The outbreak of E. coli linked to Chipotle Mexican restaurants has now caused individuals to become ill in nine states since October, the Centers for Disease Control and Prevention said Friday.
Illinois, Maryland, and Pennsylvania now join California, Minnesota, New York, Ohio, Oregon, and Washington in reporting cases linked to the outbreak.
The agency also reported seven additional cases of illness that occurred in October and November. The most recent sick individual began feeling ill on November 13.
In all, 52 people have become ill, most of them reported eating food from Chipotle within the week before their symptoms began. Twenty of those individuals have been hospitalized.
Symptoms, which include diarrhea and abdominal pain, usually begin two to eight days after a person has been exposed to the bacteria and resolve within a week. Some cases are severe and patients can develop hemolytic uremic syndrome, or HUS, which is a type of kidney failure. There have been no cases of HUS or deaths from this outbreak.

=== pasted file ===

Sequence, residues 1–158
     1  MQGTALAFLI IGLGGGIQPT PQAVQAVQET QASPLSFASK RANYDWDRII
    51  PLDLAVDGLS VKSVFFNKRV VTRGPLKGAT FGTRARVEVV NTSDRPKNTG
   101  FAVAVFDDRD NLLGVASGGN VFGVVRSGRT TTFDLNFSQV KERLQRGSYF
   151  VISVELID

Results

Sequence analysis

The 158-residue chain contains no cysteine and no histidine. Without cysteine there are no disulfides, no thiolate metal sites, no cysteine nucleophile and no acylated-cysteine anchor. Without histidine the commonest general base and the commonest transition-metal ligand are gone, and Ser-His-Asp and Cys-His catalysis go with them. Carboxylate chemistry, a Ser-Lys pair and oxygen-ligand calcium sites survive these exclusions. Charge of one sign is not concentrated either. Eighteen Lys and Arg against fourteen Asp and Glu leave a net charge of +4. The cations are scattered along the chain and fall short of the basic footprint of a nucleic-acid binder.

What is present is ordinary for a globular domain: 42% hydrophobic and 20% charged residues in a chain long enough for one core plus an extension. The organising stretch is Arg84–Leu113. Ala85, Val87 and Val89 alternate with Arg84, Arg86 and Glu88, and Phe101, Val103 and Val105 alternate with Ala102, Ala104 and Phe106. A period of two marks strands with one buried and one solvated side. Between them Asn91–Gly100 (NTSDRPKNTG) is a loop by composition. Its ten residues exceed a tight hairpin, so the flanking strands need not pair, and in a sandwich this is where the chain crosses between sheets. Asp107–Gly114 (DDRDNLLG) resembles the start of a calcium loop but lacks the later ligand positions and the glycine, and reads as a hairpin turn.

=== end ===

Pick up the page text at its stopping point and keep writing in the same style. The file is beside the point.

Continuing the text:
The restaurant chain said it is continuing to work with federal, state and local health officials to investigate the outbreak. They have not yet identified a single food source or menu item as the culprit.
The outbreak was initially limited to Chipotle locations in Washington and Oregon, where locations were closed as a precaution during the initial investigation. They reopened last month.
In a statement issued Friday, Chipotle said they have “taken aggressive actions to implement industry-leading food safety and food handling practices in all of its restaurants and throughout its supply chain.” This is beyond food safety practices previously in place, the statement said. Improvements include enhanced testing and training, among other measures.
Mansour Samadpour, CEO of IEH Laboratories and Consulting Group, which was hired by Chipotle as an outside food safety consultant, said in a press release, “this program eliminates or mitigates risk to a level near zero and will establish Chipotle as the industry leader in this area.